What do the restaurants of your childhood say about the place you grew up? In Jack Hitt’s case, the Oysters Mornay and Escargots Bourguignonne of his Charleston, South Carolina home revealed a South attempting to be less… Southern.
The image of the Mississippi Delta the public usually gets is one of poverty– or of cotton fields. But, on a search for women like her grandmother, Alysia Burton Steele found a different Delta in the food stories of church mothers.
Black-eyed peas and collards. Fried chicken and peach cobbler. Customers at Delicious Southern Cuisine in Los Angeles come for these soul food staples, a taste that reminds some of their Southern roots. But: there’s a different narrative going on in the kitchen… one with a Latino flavor. When Southerners leave the South, their food comes … Continued
How is a region of the far north—Canada—intimately connected to a region 2,000 miles away in the Deep South? In this episode of Gravy, the story of the Acadians and the Cajuns, and how they’re reconnecting… through gumbo.
They’re everywhere: in your fancy cocktail bar and your down home country restaurant. In the hands of farmer’s market shoppers and 7-Eleven Slurpee slurpers. In this episode of Gravy: a wrangling with the cultural politics of Mason Jar mania.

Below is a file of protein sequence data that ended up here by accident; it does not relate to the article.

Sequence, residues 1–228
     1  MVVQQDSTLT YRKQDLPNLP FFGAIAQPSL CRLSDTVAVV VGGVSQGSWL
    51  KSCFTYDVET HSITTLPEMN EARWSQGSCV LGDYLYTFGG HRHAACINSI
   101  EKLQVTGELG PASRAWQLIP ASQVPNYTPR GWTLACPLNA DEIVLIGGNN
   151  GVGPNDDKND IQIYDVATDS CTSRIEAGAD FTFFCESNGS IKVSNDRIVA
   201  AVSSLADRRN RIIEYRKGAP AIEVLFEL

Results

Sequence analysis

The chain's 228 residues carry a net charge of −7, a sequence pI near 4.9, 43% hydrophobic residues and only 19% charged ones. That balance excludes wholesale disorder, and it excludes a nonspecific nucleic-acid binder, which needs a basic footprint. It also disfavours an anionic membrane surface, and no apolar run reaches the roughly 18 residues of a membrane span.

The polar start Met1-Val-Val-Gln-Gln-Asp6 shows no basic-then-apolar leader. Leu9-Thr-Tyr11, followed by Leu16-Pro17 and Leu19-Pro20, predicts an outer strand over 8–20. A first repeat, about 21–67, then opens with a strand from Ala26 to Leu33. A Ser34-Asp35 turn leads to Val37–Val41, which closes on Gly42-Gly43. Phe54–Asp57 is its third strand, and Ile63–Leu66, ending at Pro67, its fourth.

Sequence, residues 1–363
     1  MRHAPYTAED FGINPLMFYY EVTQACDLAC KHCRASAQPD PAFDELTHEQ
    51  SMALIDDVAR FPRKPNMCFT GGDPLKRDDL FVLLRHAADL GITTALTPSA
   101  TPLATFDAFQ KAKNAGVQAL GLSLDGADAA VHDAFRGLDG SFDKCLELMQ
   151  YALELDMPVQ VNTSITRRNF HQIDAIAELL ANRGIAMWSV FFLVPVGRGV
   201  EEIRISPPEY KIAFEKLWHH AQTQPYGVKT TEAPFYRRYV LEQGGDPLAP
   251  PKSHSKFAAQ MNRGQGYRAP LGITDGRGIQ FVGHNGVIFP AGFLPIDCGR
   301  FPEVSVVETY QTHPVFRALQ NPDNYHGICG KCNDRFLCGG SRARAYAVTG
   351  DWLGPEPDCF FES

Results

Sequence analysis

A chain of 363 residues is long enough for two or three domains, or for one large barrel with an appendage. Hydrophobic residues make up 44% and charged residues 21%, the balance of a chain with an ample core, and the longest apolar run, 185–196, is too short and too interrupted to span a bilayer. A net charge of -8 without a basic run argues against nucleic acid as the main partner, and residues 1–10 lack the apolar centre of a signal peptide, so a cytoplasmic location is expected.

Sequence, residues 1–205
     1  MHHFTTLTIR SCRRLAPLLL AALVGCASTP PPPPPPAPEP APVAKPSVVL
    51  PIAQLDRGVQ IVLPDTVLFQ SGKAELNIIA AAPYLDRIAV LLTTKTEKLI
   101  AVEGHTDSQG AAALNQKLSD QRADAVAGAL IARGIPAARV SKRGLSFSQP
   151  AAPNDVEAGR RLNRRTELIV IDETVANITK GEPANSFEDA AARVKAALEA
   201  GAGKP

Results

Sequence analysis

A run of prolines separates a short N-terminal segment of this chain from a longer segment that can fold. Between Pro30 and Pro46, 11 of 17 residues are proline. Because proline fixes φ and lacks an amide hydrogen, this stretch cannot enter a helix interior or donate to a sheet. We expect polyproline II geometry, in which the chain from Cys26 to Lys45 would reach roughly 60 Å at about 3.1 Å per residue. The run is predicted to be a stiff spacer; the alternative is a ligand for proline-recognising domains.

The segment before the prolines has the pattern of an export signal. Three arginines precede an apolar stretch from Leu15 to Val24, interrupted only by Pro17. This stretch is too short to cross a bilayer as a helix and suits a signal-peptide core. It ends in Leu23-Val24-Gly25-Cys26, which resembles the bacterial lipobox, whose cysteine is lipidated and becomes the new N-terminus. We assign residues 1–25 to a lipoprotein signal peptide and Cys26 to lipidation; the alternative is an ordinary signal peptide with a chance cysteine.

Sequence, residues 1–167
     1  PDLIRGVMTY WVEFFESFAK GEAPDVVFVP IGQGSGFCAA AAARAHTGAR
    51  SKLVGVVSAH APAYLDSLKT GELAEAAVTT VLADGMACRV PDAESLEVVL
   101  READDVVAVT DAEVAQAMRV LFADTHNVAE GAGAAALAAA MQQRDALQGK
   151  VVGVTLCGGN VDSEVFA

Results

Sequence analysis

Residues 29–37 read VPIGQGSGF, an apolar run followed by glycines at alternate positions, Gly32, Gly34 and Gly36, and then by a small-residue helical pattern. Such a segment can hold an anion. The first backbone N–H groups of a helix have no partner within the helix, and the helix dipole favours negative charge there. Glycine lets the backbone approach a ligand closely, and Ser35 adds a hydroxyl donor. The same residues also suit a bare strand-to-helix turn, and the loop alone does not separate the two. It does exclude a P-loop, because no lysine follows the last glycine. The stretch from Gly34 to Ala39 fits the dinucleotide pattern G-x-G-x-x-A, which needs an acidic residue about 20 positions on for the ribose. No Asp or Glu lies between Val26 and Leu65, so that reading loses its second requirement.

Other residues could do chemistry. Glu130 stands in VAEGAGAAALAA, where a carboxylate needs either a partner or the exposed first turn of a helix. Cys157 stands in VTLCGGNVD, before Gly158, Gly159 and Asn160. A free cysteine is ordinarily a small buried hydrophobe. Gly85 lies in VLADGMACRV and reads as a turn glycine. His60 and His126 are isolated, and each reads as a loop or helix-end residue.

One of the more important places for the modern Southern (and American) diet may be… an obscure army base in Natick, Massachusetts. The Combat Feeding Directorate looks just like any other suburban office park, but it’s an origin point for many of the processed foods that find their way onto our grocery store shelves. In this episode of Gravy: the intertwined story of military rations and the food we eat.
While West Virginia may be known for resources like coal, the country once turned to this mountain state for a culinary staple: salt. In this episode, we have the story of a seventh generation salt-making family, and how they’re reckoning with the industry’s dark past in order to find a way forward.
What does *not* eating meat say about you? In one young biracial man’s family, his dietary change was construed as white, elite, even feminine. In this episode of Gravy: the cultural politics of going vegetarian.
Ten years after Hurricane Katrina devastated New Orleans, how does the city’s food reveal how the place has changed? This hour-long special episode of Gravy takes on that question, from what was eaten just after the storm to the stories of two restaurants that tap into the post-Katrina gentrification and marketing of New Orleans to … Continued